At seminars and conferences I revelled in communal prayers and study sessions. But when I was called to the Torah and wrapped the tallit around my shoulders I realised that I needed more. I still yearned to declare my Jewish maturity in front of my friends and family. And I felt an urgent need to do so before my own daughter became bat mitzvah, not just to honour the logical, chronological order but because I felt that I should set an example by openly displaying our commitment to our congregation and Reform Judaism. On the other hand, I was a full grown adult: having a bat mitzvah seemed a little silly and self indulgent.

I confided my desire for a bat mitzvah to a close friend and when another member of the congregation mentioned that she too wished to celebrate her bat mitzvah my friend suggested we talk.

As we stood around after services discussing adult bat mitzvah it became clear that several of us were interested in such a ceremony. These women's enthusiasm and confidence assured me that my desire for a bat mitzvah was no trivial whim.

Eventually four of us organised ourselves into a group. During several months we met together sometimes with the rabbi and sometimes on our own. We practised singing together and soon discovered that the readings we knew so well became strange and unfamiliar when we had to read them ourselves. We received help from husbands, colleagues and other members of the congregation. We encouraged one another to persevere, discussed various points of faith, practicalities of kashrut and compared traditional tunes for the blessings.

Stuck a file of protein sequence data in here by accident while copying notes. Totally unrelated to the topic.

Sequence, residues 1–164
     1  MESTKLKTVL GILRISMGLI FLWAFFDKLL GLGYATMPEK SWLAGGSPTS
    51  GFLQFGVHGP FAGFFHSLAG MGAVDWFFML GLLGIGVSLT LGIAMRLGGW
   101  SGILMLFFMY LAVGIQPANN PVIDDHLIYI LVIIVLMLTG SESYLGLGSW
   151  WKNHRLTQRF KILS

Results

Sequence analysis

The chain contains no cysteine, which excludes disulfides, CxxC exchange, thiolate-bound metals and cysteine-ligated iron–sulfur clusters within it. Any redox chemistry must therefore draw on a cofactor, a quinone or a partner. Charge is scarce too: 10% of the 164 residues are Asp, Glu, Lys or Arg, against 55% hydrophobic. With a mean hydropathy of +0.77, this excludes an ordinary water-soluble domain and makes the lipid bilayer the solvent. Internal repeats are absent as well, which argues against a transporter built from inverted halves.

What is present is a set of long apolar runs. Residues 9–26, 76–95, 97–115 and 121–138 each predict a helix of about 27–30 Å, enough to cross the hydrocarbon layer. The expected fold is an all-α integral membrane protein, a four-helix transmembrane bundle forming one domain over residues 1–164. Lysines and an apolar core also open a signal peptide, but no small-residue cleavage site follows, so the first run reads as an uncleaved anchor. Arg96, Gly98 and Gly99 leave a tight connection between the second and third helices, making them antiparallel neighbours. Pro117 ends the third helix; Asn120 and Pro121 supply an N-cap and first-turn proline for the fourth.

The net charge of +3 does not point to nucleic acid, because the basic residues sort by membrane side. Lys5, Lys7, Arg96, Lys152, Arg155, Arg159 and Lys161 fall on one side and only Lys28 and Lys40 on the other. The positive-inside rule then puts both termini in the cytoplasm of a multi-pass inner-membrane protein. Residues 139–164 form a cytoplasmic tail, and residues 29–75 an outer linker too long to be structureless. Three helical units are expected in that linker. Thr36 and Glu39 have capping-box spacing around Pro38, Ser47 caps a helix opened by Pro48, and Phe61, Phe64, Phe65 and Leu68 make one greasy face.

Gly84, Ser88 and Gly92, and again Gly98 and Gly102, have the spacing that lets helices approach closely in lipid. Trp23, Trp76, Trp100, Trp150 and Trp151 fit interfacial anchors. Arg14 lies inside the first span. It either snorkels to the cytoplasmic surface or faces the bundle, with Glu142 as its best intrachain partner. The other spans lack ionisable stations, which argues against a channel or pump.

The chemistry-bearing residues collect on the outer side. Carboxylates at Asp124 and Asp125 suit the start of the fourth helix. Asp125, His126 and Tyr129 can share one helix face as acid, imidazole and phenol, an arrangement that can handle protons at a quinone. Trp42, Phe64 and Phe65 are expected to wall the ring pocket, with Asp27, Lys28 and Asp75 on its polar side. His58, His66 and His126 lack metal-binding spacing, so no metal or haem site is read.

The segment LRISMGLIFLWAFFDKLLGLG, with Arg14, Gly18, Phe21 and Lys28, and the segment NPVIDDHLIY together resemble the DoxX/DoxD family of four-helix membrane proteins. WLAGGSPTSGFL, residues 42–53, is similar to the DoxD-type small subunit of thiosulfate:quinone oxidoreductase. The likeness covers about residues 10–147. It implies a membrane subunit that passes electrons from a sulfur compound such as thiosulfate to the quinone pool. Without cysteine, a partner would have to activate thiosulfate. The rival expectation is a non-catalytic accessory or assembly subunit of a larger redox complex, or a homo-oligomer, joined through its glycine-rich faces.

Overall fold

My parents were delighted at the thought of my bat mitzvah. My husband was supportive but, like my secular in-laws and the friends I invited who were not part of our congregation, he was quite bemused by the whole concept of an adult bat mitzvah.